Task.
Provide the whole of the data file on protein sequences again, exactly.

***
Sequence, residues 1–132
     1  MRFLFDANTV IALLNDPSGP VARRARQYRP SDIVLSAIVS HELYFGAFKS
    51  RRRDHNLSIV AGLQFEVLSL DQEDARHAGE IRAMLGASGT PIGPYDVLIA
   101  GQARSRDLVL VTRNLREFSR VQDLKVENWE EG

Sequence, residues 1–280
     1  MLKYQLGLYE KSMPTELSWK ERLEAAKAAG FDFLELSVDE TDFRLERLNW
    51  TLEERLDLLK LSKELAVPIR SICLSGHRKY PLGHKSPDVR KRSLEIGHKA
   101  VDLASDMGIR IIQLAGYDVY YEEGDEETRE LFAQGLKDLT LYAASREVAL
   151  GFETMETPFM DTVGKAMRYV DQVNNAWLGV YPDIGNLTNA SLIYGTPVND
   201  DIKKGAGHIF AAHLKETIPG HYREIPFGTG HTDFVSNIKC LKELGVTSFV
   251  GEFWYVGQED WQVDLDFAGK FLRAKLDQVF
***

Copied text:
Sequence, residues 1–132
     1  MRFLFDANTV IALLNDPSGP VARRARQYRP SDIVLSAIVS HELYFGAFKS
    51  RRRDHNLSIV AGLQFEVLSL DQEDARHAGE IRAMLGASGT PIGPYDVLIA
   101  GQARSRDLVL VTRNLREFSR VQDLKVENWE EG

Sequence, residues 1–280
     1  MLKYQLGLYE KSMPTELSWK ERLEAAKAAG FDFLELSVDE TDFRLERLNW
    51  TLEERLDLLK LSKELAVPIR SICLSGHRKY PLGHKSPDVR KRSLEIGHKA
   101  VDLASDMGIR IIQLAGYDVY YEEGDEETRE LFAQGLKDLT LYAASREVAL
   151  GFETMETPFM DTVGKAMRYV DQVNNAWLGV YPDIGNLTNA SLIYGTPVND
   201  DIKKGAGHIF AAHLKETIPG HYREIPFGTG HTDFVSNIKC LKELGVTSFV
   251  GEFWYVGQED WQVDLDFAGK FLRAKLDQVF